Meanwhile, in the premier Superbike class, 2017 MotoAmerica Superbike Champion Toni Elias guaranteed himself a proper send off in his final weekend with Team Hammer and Suzuki Motor of America, Inc. After his M4 ECSTAR Suzuki teammate Bobby Fong crashed out of second place while powering away from the rider he had passed to take the position, it was up to Elias—who had been in fourth before Fong fell–to uphold the team’s fortunes.
Elias did better than that, reeling in the new second-place rider from a considerable distance back and reclaiming the position for the team with just three laps remaining.
The runner-up finish was Elias’ second podium result of the season. Afterward, he said, “We made a big step forward from yesterday. I’m happy — it’s a podium and we haven’t gotten too many this year. I’m very happy for myself and my team and family. These are our last races together and everyone is working so hard. It’s great. Of course I want more — I want to win — but we’ll make some changes tonight and work hard tomorrow.”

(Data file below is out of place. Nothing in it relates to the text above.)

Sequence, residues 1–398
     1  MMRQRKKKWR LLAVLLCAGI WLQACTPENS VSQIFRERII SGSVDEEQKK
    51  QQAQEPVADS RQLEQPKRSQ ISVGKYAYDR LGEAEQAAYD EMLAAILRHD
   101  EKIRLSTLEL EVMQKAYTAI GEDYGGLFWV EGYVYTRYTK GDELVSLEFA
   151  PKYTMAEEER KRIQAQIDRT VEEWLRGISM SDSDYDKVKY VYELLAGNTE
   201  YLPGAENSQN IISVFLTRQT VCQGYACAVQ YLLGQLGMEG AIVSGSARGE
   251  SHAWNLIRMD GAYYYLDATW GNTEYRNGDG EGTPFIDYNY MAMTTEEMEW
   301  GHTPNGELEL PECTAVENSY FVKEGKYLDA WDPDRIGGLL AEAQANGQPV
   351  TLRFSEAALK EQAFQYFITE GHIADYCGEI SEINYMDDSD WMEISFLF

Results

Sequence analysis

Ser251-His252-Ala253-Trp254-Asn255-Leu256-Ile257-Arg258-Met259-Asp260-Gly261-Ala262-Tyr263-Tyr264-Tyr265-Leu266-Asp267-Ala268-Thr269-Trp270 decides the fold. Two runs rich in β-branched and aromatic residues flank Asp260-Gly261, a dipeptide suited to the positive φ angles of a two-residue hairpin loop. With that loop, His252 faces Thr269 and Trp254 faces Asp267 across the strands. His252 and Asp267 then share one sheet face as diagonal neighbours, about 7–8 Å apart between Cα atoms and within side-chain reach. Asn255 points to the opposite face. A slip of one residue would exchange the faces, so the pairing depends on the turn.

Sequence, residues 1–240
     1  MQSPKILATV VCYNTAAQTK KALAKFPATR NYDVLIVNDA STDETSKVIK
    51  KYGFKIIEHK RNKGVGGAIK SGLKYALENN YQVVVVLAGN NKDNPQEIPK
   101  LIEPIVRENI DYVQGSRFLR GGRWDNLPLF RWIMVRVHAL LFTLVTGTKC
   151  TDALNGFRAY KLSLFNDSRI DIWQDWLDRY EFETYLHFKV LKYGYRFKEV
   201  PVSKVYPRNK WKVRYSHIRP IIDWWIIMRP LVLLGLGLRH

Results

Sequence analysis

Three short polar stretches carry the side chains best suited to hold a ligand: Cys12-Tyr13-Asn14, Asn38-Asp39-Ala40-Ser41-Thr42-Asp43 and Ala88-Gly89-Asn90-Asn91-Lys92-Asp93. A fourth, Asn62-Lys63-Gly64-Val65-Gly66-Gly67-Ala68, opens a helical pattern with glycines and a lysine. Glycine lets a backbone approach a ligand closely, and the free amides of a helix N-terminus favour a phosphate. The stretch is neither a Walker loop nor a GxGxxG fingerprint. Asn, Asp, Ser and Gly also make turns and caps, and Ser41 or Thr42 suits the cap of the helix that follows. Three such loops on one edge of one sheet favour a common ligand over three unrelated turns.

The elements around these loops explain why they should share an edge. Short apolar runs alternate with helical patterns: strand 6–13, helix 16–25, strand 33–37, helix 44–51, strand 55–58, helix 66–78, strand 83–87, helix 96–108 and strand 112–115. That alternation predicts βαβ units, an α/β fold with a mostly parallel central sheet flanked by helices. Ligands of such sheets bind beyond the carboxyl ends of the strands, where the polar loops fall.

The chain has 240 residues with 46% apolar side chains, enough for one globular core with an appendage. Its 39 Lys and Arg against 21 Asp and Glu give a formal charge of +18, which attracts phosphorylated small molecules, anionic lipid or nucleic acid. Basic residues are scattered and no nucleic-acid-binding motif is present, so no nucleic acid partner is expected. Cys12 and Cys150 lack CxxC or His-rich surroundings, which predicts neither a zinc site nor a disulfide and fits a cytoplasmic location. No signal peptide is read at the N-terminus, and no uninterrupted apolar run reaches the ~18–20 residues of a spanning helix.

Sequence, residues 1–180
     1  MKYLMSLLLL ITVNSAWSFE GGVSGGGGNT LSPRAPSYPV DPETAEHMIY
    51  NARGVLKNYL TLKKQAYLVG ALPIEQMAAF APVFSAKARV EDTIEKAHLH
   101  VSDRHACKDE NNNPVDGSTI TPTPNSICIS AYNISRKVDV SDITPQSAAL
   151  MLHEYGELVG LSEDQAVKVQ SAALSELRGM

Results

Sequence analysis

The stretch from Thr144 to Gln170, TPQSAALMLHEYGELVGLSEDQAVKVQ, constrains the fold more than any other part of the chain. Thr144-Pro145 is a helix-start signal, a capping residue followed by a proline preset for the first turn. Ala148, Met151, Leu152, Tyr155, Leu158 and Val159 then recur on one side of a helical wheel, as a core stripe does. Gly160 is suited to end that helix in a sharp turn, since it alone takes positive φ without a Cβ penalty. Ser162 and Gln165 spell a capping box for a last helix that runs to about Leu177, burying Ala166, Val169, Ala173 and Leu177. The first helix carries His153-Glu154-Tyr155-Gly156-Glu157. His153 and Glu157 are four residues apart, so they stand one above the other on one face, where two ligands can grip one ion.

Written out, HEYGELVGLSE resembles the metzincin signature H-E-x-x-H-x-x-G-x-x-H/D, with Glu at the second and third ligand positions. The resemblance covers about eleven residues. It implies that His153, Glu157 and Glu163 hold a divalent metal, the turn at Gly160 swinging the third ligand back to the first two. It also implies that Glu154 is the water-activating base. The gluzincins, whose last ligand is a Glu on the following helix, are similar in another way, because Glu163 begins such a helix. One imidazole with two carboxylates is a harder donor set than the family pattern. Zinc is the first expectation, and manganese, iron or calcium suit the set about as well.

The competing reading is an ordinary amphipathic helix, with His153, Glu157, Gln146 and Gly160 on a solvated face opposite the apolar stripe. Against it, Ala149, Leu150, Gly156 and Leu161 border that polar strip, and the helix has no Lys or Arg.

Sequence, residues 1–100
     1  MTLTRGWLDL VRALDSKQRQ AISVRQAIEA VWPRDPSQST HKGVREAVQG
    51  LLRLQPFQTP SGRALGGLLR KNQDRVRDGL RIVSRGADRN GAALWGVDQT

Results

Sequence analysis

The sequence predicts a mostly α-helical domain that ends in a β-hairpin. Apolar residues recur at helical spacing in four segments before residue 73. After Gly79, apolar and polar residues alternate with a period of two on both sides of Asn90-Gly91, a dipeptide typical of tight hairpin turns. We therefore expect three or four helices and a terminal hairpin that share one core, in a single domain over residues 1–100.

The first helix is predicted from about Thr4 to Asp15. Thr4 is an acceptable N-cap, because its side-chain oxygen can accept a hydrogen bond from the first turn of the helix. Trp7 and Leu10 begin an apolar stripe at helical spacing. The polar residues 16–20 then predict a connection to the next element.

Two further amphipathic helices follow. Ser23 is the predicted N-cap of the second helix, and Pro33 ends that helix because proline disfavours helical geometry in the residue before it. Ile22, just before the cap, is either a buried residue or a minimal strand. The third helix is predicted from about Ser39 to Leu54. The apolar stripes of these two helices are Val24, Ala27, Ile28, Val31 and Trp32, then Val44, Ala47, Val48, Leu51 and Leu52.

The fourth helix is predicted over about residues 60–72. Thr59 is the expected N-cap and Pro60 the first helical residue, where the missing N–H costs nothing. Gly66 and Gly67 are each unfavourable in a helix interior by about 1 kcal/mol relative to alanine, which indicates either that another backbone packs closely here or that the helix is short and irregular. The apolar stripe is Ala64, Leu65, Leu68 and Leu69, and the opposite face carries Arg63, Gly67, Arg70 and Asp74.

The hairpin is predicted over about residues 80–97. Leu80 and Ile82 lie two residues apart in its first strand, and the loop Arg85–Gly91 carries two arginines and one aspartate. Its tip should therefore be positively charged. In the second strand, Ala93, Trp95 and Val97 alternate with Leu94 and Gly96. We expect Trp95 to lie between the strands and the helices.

Rising stars Alex Dumas and Rocco Landers performed well on the day, too. Landers qualified second aboard the SportbikeTrackGear.com Suzuki SV650 for Sunday’s Twins Cup finale. Landers, who has already locked up the title, will now look to convert the front-row starting position into his eighth consecutive victory to close out the 2020 MotoAmerica season on a high note.